How to use zero trust and IAM to defend against cyberattacks in an economic downturn

Despite double-digit budget increases, CISOs and their teams are scrambling to contain increased internal breaches, embezzlement and fraud. Identities are the attack vector of choice during a recession, exacerbated by inflationary costs driving up the cost of living, making phishing emails’ false claims of easy money all the more alluring.

As one CISO confided to VentureBeat in a recent interview, “recessions make the revenue-risk aspects of a zero-trust business case real, showing why securing identities deserves urgency.”

The latest Falcon OverWatch Threat Hunting Report illustrates how attack strategies aim for identities first. “A key finding from the report was that upwards of 60% of interactive intrusions observed by OverWatch involved the use of valid credentials, which continue to be abused by adversaries to facilitate initial access and lateral movement,” said Param Singh, VP of Falcon OverWatch at CrowdStrike.

CrowdStrike’s acquisition of Reposify reflects how leading cybersecurity platform vendors concentrate on adopting new technologies to provide external attack surface management while protecting enterprises against internal threats.

Reposify scans the web daily for exposed assets, enabling enterprises to have visibility over them and defining which actions they need to take to remediate them. At last year’s Fal.Con event, CrowdStrike announced plans to use Reposify’s technology to help its customers stop internal attacks.

Identity attacks soar in a down economy

Identity-based breaches interrupted 78% of enterprises’ operations last year, and 84% said they experienced an identity-related breach.

Identities are a core attack vector for attackers in a down economy; their strategies are to gain control of an organization. Attackers’ favorite targets are legacy identity and privileged access management systems that rely on perimeter-based security that often hasn’t been updated in years. Once in, attackers immediately grab admin rights, create fraudulent identities and begin exfiltrating financial data while attempting cash transfers.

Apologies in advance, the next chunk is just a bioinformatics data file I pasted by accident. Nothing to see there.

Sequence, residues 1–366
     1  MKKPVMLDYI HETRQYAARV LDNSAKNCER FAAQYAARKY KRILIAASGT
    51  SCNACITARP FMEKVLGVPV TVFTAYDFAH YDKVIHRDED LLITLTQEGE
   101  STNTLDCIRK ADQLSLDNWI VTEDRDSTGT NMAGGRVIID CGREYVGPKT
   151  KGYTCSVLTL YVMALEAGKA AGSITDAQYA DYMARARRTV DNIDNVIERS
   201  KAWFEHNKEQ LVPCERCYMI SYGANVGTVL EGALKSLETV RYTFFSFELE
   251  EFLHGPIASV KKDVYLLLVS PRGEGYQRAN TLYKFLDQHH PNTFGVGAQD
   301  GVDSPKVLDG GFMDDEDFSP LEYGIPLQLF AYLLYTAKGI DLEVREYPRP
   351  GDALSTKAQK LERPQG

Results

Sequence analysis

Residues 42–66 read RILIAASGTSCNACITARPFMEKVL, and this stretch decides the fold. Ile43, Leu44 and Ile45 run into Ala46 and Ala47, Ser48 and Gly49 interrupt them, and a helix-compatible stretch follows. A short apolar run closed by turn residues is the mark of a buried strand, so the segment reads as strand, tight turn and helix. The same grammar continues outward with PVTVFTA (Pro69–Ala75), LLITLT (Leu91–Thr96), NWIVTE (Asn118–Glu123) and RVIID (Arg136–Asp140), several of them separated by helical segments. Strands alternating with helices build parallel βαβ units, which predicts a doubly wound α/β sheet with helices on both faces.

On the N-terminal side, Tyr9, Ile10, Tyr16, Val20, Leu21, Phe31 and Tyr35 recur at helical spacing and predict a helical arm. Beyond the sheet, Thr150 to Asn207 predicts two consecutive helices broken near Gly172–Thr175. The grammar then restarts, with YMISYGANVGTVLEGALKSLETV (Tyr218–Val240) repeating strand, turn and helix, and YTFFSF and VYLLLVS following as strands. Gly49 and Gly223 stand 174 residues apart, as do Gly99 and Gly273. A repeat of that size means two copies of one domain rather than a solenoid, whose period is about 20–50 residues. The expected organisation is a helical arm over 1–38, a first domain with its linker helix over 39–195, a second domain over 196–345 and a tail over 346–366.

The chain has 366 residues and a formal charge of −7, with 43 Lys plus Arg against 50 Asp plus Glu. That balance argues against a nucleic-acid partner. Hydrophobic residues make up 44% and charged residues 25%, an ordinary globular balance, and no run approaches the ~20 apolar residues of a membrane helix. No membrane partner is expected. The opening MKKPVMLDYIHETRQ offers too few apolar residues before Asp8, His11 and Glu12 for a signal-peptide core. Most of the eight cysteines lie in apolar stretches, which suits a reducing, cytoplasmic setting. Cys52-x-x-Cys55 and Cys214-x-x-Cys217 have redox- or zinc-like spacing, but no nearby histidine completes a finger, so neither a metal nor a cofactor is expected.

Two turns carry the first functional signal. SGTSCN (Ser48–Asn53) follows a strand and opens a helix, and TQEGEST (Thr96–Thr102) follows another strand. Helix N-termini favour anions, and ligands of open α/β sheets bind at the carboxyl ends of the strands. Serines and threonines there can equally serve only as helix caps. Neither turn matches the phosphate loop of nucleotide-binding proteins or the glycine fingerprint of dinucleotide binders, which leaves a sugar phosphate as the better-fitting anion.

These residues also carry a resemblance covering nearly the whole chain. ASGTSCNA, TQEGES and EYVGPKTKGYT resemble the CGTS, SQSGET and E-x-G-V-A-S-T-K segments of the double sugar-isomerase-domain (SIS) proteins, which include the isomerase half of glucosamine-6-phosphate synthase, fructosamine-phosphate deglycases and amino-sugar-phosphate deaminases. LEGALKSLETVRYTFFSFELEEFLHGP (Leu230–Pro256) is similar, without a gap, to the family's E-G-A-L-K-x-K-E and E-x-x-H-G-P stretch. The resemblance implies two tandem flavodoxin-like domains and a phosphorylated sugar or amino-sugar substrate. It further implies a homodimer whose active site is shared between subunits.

Attackers are using ChatGPT to fine-tune social engineering attacks at scale and mine the data to launch whale phishing attacks. Ivanti’s State of Security Preparedness 2023 Report found that nearly one in three CEOs and members of senior management have fallen victim to phishing scams, either by clicking on the same link or sending money.

Identities are under siege during periods of economic uncertainty and recessions. CISOs fear that internal employees will be duped out of their passwords and privileged access credentials by social engineering and phishing attacks — or worse, that they may go rogue.

CISOs, internal security analysts staffing security operations centers (SOCs) and zero-trust leaders have told VentureBeat that a rogue IT employee with admin privileges is their worst nightmare.

Snowden a cautionary tale

Those CISOs willing to discuss the issue with VentureBeat all referenced Edward Snowden’s book Permanent Record as an example of why they’re so concerned about rogue attackers.

One CISO cited the passage: “Any analyst at any time can target anyone. Any selector, anywhere I, sitting at my desk, certainly had the authorities to wiretap anyone, from you or your accountant to a federal judge, to even the President.”

“We’re always looking for fuel to keep our senior executives and board funding zero trust, and the passages in Snowden’s book are effective in accomplishing that task,” one cybersecurity director told VentureBeat.

A core tenant of zero trust is monitoring everything. The Snowden book provides a cautionary tale of why that is essential.

System and security admins interviewed by VentureBeat admit that internally launched cyberattacks are the hardest to identify and contain. A stunning 92% of security leaders say internal attacks are equally as complex or more challenging to identify than external attacks. And, 74% of enterprises say insider attacks have become more frequent; more than half have experienced an insider threat in the last year, and 8% have experienced more than 20 internal attacks…

Read Full Source: VentureBeat

By Louis Columbus